Loss Control Safety Techniques

Vehicle Fires

Having an accident or breaking down along the side of the highway, are among the more common situations we may experience during our lifetime of driving a vehicle. One issue we may never anticipate, however, is being inside or near a vehicle that has caught fire. Unfortunately, hundreds of thousands of vehicle fires occur each year, many times leaving those involved panicked because they are unsure of how to react. If a fire does occur in your vehicle, it is very important to understand the primary priority is the safety of you and other patrons traveling with you. Please take time to review the following vehicle fire safety tips:

• Exit the vehicle as soon as possible. If you are traveling with anyone, make sure they can safely exit the vehicle as well. Children and the elderly may have a difficult time exiting, so keep this in mind. After everyone is out safely, move as far away from the vehicle as possible. Do not waste time grabbing personal belongings.

• Call 911 before you try to put the fire out yourself. Try to remain calm. The dispatcher you reach when placing this call will need to know if anyone is injured or in danger. The dispatcher will give you instructions on what to do next.

• Never try to fight a fire yourself. Vehicle fires are particularly difficult because there can be a significant amount of gas in the vehicle’s tank. If the fire comes in contact with the gas, an explosion could occur.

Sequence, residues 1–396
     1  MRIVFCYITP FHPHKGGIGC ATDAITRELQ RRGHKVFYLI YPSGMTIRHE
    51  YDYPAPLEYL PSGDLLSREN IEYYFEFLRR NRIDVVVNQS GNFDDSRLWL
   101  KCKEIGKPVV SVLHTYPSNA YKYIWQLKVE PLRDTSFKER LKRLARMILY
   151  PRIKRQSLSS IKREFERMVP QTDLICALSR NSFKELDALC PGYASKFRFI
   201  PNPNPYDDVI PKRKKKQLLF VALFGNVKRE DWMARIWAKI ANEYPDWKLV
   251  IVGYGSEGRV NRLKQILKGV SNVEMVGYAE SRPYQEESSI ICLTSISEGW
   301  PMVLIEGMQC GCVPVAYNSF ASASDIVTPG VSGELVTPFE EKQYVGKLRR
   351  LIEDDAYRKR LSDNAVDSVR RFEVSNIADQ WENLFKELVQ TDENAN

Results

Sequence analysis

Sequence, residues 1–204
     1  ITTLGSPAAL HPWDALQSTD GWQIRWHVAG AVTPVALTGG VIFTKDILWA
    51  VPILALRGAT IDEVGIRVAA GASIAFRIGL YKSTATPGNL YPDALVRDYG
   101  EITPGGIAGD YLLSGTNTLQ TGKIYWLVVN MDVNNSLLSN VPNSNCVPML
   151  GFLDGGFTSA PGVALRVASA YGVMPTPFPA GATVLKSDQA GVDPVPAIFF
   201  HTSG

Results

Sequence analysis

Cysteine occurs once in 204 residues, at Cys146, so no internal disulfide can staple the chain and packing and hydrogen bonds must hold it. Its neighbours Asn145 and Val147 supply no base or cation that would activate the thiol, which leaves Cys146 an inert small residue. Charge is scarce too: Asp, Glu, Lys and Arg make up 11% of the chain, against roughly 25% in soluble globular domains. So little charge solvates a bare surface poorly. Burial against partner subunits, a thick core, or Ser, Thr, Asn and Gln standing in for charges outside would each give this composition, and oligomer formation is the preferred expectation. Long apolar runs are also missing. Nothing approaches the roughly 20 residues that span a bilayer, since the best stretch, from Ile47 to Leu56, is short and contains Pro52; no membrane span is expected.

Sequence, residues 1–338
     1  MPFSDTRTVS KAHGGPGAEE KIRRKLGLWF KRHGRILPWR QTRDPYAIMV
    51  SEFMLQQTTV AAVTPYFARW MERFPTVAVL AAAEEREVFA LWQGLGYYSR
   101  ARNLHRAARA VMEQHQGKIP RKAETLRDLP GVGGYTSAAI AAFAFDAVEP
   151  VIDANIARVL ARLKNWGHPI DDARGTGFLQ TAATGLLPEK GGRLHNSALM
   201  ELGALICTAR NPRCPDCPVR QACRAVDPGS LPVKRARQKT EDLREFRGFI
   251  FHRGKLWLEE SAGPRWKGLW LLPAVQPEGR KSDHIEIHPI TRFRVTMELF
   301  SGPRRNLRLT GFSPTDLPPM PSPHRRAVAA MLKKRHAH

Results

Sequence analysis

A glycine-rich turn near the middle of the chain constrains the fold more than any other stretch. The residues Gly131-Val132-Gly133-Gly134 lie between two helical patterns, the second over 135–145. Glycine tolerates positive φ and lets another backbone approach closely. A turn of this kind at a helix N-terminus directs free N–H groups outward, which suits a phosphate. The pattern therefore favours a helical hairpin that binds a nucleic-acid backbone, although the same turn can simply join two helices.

• If you are experiencing an engine fire, and all you see is smoke coming out from under the hood, do not open the hood. This will allow oxygen to fuel the fire. Turn the ignition off to stop the electrical currents and flow of gas.

Vehicle fires may be caused by a host of different sources. There are, however, preventative measures we can take to avoid a potentially dangerous situation:

• Avoid smoking inside the vehicle. If you choose to, or allow others to, use the ashtray inside the vehicle to ash.

• Regular vehicle maintenance can help identify any problem issues your vehicle may have. If you notice any fluids

leaking, irregular noises, or exposed wiring in or outside the vehicle, have a certified mechanic examine the issue.

• Check the dashboard gauges for any "Check Engine" lights, unusual gauge readings, or any other irregularities.

Contact a certified mechanic if you experience any of these.

• If you live in a warmer climate, get in the habit of parking in the shade. Make sure you don’t have any flammable

liquids or materials inside the vehicle which may easily catch fire. A hot sun can ignite these materials, leading to a fire.

• Keep a small fire extinguisher in the vehicle. Knowing how to use it effectively is just as important as having it readily available. Only use the extinguisher if the fire is smoldering and very small.

Being prepared for a vehicle fire is very important. Most believe an incident like this will never happen to them, but they are more common than what we think. Take into consideration the preventative measures we have provided and the likelihood of a vehicle fire happening to you will be drastically reduced. Always remember, leave the fire-fighting to a trained professional.

Posted 11:20 AM

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